Nt1310 Lab 1

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1. How does DNA encode information? DNA is a double-stranded helix composed of a phosphate backbone and deoxyribose, and encodes information by the sequence of its nucleotide bases, which are composed of adenine, thiamine, guanine and cytosine. DNA undergoes transcription, which produces single-stranded mRNA, which uses uracil in place of thiamine. Next step is translation, in which the RNA becomes a protein, which then can act as structural units or enzymes. 2. How does DNA replicate itself? In order to replicate itself, DNA undergoes DNA replication, a process in which the DNA unwinds and splits in two. From that point on, new nucleotides are added to each of the original strands (A to T, C to G) until the result is two identical sequence copies of DNA. 3. How is DNA information used to synthesize polypeptides? A gene or protein is used to make polypeptides. In order to create this gene, transcription and translation must take place to create a protein from DNA. In transcription, DNA polymerase unwinds DNA and makes the…show more content…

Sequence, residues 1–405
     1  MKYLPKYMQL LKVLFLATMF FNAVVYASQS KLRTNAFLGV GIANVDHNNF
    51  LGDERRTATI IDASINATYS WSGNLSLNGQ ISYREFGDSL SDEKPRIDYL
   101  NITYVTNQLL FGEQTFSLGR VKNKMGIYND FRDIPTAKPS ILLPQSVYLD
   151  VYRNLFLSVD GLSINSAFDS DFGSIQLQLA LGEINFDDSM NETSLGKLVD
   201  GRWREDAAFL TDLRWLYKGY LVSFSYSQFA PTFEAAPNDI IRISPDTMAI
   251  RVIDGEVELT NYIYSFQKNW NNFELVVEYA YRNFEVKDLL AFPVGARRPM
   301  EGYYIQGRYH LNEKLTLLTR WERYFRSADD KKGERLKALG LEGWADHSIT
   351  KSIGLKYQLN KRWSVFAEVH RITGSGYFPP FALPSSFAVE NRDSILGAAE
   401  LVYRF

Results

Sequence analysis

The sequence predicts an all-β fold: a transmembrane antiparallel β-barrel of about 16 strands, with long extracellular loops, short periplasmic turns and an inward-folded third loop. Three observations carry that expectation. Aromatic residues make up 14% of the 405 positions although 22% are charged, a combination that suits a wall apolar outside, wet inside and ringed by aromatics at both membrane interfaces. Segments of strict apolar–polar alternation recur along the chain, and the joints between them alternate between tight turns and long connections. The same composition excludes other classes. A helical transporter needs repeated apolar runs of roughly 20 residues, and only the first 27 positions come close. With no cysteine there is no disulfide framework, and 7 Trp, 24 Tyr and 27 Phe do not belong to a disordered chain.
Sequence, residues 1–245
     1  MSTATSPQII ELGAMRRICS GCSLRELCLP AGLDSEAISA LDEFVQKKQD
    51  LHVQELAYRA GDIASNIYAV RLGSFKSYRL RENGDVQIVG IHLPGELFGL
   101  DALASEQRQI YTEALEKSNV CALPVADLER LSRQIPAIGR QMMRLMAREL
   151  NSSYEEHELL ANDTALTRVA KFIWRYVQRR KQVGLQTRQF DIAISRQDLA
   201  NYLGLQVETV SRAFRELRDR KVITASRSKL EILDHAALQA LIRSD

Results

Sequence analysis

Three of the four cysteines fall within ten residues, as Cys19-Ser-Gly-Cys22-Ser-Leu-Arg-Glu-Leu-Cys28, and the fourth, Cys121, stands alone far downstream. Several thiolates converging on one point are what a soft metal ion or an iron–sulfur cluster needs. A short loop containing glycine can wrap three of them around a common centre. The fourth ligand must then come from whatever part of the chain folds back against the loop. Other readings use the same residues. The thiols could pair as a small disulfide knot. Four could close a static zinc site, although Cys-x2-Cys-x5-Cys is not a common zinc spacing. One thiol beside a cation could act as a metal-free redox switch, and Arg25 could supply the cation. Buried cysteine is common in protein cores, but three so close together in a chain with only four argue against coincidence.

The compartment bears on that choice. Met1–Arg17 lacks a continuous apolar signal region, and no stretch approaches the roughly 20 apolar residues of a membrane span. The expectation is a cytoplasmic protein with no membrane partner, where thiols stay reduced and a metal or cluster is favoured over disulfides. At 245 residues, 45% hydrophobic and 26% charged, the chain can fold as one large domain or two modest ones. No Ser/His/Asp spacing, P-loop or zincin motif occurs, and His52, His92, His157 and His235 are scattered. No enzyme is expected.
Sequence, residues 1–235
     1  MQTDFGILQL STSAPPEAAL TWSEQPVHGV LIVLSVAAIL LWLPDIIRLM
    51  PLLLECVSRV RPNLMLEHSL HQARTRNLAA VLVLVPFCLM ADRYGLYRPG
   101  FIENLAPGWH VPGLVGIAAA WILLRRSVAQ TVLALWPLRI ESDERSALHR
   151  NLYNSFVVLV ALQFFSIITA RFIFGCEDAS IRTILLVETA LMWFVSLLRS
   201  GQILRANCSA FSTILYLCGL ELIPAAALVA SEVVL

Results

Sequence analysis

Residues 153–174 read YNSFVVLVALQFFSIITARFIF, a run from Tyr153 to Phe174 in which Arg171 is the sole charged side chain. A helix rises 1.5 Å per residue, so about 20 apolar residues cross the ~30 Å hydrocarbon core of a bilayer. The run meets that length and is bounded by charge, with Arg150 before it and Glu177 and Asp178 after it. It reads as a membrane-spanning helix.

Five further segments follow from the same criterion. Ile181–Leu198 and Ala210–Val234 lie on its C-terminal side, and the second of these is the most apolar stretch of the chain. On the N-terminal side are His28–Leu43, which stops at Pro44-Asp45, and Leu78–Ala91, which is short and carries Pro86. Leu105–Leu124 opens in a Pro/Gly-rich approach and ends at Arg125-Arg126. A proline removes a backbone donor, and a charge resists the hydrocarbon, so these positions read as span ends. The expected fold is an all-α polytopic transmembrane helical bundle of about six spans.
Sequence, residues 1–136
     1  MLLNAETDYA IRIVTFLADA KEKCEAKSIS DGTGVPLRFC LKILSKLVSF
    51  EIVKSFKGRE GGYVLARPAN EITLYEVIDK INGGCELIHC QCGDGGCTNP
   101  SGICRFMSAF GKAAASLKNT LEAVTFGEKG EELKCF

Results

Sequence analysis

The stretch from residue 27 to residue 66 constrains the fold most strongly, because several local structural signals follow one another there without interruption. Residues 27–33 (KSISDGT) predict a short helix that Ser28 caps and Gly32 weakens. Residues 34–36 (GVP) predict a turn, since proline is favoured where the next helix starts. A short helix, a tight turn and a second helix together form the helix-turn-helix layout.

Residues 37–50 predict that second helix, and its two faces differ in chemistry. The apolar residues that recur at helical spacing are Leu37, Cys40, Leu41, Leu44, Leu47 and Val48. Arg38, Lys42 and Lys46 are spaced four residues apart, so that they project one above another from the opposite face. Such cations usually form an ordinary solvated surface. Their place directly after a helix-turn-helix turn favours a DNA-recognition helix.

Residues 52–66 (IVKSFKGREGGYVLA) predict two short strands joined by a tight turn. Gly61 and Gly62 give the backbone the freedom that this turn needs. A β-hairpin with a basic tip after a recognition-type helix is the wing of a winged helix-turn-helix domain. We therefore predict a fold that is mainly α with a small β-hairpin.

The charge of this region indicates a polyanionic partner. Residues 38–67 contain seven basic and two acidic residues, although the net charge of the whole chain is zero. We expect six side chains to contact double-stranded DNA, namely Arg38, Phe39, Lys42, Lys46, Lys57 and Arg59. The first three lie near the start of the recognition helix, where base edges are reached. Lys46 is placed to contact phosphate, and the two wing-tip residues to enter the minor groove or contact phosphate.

Are all genes expressed in all cells? No they are not, even though all cells have the same genetic code. Certain genes are not expressed in cells and are turned "off". The different pattern of expressed genes in different cells allow the cells to perform specific activities needed for those cells to do for an organism. 5. How do the processes of meiosis and fertilization produce genetic variety? During the meiosis stage of crossing over, the maternal and paternal homologous chromosome segments are being exchanged. During independent assortment, different genes independently separate from one another. During random fertilization, no gamete has a greater chance than the other with fusing together in sperm and zygote fusion. These processes contribute to the production of genetic variety because of the many opportunities of unique combinations, unlike the process of mitosis, in which identical daughter cells are always the
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